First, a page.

How to Calculate Your Crypto Cost Basis
Investing in cryptocurrencies can be a lucrative venture, but it also requires a good understanding of the tax implications of your trades. One of the most important concepts to grasp is your crypto assets' cost basis. Knowing how to calculate your cost basis accurately is crucial for properly documenting your capital gains for tax purposes.
Last Updated: Apr 14, 2023
In this article, we'll cover what cost basis is and why it's essential to accurate tax reporting. We’ll also explain how using a crypto tax tool such as Accointing can help you calculate your crypto cost basis.
What is Crypto Cost Basis?
Cost basis is the price of a crypto asset at the point when you first acquired it, either through purchase, gift, or airdrop. Keeping track of your crypto cost basis allows you to determine the profit or loss when trading or selling the asset.
Cost basis calculations should include transaction fees and commissions to ensure that the taxable gains are accurately reflected and documented for tax purposes. Given the highly volatile nature of virtual currencies, accurately calculating crypto cost basis is crucial for successful trading and compliance with tax laws. Platforms like Accointing can help investors track their crypto transactions and generate accurate cost-basis records and tax forms.
IRS Guidance on Calculating the Cost Basis for Crypto
The Internal Revenue Service (IRS) has provided guidance on calculating the cost basis for crypto assets. The IRS requires form investors t okeep track of the cost basis for each transaction, including the acquisition date, the acquisition cost, and any associated fees.
If you received the crypto asset as a gift or for free, the cost basis is generally the asset's fair market value at the time of acquisition. For more detailed information on calculating the cost basis, investors should refer to Publication 551, Basis of Assets, provided by the IRS. This publication explains how to calculate the cost basis for various assets, including digital assets.
Challenges in Calculating Crypto Cost Basis
One of the biggest challenges investors face in crypto is accurately calculating their cost basis. Here are some factors contributing to this challenge:
The volatility of crypto markets and fluctuating prices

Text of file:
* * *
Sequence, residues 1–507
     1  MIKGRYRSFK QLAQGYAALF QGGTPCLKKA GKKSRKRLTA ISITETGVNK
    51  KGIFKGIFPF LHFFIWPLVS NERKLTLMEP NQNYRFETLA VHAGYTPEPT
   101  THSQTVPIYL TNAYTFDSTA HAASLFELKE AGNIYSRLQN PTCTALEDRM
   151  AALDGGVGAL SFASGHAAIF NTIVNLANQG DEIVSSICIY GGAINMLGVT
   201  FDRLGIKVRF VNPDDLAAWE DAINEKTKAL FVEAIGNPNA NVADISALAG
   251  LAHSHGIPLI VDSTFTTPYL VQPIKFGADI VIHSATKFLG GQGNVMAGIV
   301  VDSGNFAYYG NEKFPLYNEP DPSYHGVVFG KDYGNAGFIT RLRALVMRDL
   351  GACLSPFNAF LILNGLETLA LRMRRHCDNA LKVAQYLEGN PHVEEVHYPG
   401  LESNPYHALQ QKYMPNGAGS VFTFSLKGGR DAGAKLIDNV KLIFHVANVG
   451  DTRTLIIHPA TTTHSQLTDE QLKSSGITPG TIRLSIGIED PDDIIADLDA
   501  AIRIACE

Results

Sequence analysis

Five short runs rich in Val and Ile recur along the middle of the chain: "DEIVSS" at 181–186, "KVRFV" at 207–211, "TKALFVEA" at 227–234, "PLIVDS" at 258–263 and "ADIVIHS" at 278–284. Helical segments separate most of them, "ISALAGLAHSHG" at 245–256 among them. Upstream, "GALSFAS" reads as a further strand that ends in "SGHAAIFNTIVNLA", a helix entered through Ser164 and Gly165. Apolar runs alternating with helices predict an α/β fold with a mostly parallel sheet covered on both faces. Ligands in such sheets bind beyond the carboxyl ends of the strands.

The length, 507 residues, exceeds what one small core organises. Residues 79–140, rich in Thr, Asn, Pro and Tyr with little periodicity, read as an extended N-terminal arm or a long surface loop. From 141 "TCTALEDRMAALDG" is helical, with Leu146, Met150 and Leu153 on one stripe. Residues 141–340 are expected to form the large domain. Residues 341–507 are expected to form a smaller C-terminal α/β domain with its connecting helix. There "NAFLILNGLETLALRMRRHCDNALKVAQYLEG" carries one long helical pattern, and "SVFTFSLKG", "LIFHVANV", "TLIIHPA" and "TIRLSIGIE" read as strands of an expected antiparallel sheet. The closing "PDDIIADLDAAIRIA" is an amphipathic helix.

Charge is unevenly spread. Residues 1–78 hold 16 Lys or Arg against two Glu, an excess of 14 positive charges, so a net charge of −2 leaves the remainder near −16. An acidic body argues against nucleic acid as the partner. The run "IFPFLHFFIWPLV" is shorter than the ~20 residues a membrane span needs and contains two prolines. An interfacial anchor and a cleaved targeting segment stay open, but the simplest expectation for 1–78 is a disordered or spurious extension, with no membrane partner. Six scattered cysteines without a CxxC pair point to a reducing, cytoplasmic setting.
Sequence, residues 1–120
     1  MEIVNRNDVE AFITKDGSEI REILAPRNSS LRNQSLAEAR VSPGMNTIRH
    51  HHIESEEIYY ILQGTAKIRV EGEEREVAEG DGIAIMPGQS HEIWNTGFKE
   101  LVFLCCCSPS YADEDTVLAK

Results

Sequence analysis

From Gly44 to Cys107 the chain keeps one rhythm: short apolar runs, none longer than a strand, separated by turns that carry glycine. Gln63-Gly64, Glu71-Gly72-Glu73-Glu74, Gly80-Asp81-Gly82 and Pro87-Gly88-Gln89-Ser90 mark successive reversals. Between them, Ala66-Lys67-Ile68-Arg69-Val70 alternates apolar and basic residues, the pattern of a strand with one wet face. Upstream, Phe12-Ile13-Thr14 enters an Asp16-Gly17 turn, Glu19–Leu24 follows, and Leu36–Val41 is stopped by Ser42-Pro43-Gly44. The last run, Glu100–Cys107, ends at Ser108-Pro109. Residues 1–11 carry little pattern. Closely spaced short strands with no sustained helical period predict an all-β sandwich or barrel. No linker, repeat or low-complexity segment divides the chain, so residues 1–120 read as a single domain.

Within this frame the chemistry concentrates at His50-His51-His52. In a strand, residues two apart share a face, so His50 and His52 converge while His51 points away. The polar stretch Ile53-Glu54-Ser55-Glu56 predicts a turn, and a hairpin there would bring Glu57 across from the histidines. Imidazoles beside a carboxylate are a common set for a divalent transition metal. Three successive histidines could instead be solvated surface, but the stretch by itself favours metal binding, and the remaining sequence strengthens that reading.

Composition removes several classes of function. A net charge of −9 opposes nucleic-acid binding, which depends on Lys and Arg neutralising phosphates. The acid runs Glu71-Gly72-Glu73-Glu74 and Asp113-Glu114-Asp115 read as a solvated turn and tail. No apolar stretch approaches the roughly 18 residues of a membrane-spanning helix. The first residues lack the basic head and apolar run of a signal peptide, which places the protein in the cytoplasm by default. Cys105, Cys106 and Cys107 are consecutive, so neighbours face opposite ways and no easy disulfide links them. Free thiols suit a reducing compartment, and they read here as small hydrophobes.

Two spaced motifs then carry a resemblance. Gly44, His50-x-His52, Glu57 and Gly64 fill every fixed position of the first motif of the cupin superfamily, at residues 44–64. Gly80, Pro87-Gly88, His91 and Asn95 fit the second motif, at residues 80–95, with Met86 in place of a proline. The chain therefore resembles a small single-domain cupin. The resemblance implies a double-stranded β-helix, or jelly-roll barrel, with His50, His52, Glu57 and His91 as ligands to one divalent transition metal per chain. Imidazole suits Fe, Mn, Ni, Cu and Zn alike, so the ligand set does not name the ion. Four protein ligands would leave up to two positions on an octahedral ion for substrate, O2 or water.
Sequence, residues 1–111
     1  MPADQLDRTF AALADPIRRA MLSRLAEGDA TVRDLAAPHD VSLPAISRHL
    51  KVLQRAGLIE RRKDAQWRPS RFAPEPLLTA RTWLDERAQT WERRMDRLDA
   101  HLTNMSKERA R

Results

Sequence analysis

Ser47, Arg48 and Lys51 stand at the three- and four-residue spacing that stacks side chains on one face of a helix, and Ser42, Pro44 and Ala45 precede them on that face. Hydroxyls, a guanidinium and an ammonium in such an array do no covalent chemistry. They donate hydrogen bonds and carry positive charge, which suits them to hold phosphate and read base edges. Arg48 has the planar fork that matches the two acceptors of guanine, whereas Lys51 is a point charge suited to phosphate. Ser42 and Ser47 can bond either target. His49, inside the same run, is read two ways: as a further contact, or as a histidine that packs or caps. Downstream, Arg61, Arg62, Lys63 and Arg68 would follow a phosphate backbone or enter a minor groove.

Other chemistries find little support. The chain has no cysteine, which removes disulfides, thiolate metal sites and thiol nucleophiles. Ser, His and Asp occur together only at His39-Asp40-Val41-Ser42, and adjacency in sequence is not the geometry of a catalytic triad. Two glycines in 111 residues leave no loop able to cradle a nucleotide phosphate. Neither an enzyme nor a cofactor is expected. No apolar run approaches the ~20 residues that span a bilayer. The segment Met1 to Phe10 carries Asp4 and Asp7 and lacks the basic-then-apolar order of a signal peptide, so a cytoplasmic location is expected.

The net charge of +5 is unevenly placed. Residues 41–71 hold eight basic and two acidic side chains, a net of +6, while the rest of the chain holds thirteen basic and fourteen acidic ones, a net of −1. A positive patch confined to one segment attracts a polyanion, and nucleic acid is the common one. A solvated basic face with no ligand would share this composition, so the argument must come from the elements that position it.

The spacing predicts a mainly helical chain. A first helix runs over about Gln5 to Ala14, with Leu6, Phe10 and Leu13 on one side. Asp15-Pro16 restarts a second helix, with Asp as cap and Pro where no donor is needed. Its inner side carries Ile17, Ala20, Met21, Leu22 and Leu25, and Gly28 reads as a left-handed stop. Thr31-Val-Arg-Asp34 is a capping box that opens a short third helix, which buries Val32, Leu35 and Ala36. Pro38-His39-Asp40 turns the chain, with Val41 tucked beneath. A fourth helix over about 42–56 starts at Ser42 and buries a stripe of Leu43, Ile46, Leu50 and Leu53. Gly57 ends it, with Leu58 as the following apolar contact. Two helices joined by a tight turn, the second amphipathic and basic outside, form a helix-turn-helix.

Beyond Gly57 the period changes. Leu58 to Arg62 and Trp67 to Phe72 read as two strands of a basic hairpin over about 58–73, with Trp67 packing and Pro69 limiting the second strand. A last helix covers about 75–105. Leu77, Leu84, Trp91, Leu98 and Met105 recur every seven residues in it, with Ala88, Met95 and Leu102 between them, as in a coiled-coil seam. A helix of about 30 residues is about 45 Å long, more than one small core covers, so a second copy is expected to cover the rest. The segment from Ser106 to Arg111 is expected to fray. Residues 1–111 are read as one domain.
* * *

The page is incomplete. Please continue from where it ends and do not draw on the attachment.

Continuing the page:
Unlike traditional assets such as stocks and bonds, the value of digital assets can fluctuate rapidly, sometimes changing significantly within a few hours or days. This volatility of crypto markets can make it difficult to determine the value of a particular asset at any given time, making it challenging to calculate the cost basis accurately.
Difficulty in keeping track of multiple transactions
Crypto's interoperability allows investors to buy, sell and transfer multiple assets across different exchanges. Keeping track of all these transactions can be overwhelming. Without accurate records of every transaction, calculating the cost basis accurately is a challenge. Moreover, many crypto exchanges do not provide complete records of transactions, making it necessary for investors to track and record every trade manually.
Importance of accurate record-keeping
Accurate record-keeping is highly important in calculating the cost basis of any given investment. You must keep accurate records of every transaction, including the date and time of the trade, the asset purchased or sold, the price paid or received, and any fees or commissions charged. Any errors or omissions in these records can lead to inaccurate cost basis calculations, which can have significant tax implications.
How is Crypto Cost Basis Calculated?
The cost basis is the total cost of acquiring a crypto asset, including transaction fees and commissions. If you purchased the asset, your cost basis will consist of the purchase price plus any fees.
If the asset was received as a gift or airdropped, the cost basis will be its fair market value at the time you received it. When calculating your cost basis, several methods, such as HIFO, LIFO, and FIFO can be used, depending on your tax situation.